Supplier Rationalization — Revisited

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Rationalizing a supply base is typically defined as picking the right suppliers and the right number of them, but in common practice, it has too often come to mean shrinking or consolidating a supply base in the name of securing more strategic relationships.

We tend to forget that supplier rationalization can also mean increasing the number of suppliers used, routinely changing your mix of suppliers or expanding and then reducing the number and types of suppliers you select in support of changing organizational objectives, tests, hunches and the desire to accelerate the transfer of innovation.

While tail spend management is now getting a second look across industry (they say there’s still as much as 10% more meat on that bone), new kinds of rationalization strategies targeting unconventional categories of spend are also finding their way into practice. Concerning the former, finding ways to uncover and automate lower-level buys (e.g., the use of agent-based technologies) while representing a great way to increase the automation ante are now, in fact, being recognized as a dispassionate way to interrogate and rationalize new markets.

In short, sourcing professionals who intentionally limit their picks to large suppliers with cross-category capabilities may be inadvertently setting a table that will ultimately limit their cost controls, reduce their visibility into technology developments and insulate them from market information. Enabling competitive markets requires careful consideration of what’s most important: a moving target. So we must remind ourselves that supplier rationalization is a continuous process, that it’s not about quantity anymore, that it’s all about getting ahead of evolving ideas of quality.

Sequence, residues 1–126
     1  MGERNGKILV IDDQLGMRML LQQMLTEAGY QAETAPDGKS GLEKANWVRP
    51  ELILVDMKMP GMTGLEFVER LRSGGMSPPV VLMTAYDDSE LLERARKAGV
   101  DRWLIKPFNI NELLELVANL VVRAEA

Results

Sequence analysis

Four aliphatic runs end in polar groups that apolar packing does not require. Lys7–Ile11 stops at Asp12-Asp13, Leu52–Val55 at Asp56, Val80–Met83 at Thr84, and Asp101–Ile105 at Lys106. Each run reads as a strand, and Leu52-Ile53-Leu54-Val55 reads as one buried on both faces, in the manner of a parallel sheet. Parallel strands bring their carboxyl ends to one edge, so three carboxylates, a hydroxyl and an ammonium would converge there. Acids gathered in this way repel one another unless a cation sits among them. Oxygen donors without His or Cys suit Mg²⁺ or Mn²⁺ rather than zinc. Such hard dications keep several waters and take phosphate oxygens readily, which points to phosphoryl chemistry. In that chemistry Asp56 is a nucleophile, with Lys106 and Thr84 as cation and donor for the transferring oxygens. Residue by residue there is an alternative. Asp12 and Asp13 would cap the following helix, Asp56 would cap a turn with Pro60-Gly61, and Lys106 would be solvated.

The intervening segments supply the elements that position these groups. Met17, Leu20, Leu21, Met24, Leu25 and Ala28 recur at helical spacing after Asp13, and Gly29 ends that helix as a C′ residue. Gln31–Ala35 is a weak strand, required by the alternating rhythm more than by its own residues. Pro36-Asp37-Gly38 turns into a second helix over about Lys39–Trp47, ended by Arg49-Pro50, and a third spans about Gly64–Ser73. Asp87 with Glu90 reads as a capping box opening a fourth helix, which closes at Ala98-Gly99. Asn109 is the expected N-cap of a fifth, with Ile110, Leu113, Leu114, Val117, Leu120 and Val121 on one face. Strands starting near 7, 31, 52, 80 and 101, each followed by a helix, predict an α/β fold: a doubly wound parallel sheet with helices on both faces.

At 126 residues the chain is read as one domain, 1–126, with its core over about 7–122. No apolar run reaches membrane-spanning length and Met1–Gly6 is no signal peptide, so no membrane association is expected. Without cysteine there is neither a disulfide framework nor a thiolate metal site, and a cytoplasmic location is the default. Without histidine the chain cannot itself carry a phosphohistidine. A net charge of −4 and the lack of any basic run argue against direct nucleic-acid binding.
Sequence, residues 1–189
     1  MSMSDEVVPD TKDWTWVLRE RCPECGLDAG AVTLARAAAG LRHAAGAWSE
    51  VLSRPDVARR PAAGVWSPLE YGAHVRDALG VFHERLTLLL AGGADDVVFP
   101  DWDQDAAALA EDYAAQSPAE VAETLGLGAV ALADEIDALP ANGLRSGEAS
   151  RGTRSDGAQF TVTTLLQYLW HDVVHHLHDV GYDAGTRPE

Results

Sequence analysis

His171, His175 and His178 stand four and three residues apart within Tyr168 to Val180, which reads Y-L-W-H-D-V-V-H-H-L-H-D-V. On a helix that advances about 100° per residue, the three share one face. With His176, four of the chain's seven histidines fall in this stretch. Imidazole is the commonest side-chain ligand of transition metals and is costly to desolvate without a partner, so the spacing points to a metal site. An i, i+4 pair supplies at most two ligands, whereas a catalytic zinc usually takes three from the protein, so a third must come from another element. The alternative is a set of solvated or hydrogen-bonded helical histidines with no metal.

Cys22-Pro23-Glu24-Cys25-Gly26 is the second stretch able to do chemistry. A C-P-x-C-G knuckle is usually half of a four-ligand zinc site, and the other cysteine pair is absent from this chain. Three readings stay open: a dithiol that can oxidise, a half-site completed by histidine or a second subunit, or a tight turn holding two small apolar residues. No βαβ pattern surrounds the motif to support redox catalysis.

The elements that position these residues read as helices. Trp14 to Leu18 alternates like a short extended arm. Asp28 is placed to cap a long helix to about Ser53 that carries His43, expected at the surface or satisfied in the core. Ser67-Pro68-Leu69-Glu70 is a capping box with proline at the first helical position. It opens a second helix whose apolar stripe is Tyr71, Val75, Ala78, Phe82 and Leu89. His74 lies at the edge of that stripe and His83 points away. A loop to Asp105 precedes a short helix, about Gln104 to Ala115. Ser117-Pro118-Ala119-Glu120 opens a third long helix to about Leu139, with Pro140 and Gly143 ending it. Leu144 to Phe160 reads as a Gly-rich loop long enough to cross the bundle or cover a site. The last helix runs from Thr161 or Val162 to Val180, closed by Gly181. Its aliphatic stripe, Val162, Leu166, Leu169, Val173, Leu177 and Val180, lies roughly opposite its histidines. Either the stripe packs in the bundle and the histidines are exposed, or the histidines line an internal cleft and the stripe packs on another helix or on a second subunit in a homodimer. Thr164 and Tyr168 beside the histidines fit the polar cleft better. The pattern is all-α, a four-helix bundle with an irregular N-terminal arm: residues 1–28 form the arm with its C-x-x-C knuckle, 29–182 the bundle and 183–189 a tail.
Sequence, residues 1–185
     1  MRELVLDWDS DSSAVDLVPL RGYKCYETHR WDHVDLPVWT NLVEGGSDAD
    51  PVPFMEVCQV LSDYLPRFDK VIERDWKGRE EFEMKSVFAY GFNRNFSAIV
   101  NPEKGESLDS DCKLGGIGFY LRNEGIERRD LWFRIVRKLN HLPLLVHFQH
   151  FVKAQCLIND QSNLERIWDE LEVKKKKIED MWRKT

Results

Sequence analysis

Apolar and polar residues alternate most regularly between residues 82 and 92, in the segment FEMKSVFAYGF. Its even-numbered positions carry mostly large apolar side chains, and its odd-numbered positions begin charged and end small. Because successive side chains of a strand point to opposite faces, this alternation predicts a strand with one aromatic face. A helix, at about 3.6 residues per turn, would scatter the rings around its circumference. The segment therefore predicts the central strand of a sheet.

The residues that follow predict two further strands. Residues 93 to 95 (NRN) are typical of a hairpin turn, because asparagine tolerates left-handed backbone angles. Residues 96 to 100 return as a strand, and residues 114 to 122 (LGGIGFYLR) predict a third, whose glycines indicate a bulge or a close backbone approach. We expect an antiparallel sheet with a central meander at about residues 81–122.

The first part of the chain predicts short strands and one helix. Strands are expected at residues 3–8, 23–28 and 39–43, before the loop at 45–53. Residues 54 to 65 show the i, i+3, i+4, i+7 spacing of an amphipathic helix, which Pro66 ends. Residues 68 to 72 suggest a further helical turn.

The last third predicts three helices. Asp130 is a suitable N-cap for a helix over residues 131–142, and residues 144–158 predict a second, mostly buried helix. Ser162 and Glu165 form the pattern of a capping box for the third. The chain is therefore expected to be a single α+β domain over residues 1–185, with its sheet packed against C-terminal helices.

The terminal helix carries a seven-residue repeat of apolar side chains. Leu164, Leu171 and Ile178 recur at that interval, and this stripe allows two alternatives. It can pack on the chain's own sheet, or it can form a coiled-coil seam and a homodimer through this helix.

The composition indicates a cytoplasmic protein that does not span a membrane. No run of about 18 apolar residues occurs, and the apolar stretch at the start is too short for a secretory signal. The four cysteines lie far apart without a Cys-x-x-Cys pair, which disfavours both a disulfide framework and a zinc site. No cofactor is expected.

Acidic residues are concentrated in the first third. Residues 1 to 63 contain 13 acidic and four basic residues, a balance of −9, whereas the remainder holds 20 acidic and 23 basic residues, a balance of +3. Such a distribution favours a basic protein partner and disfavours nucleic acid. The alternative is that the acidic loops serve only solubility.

Now more than ever, learning to collaborate in meaningful ways with a changing mix of suppliers is an essential skill, not an attention deficit disorder. Policies and processes that keep the fresh blood out invariably hinder natural selection.

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First Voice

  1. Alan Holland:

    Excellent points; there is also the longer-term damage to competitive tension that ensues from buyers over-consolidating the supply base. It’s important to have a blend of suppliers to offer healthy competition as it drives innovation and supports supply chain robustness also.

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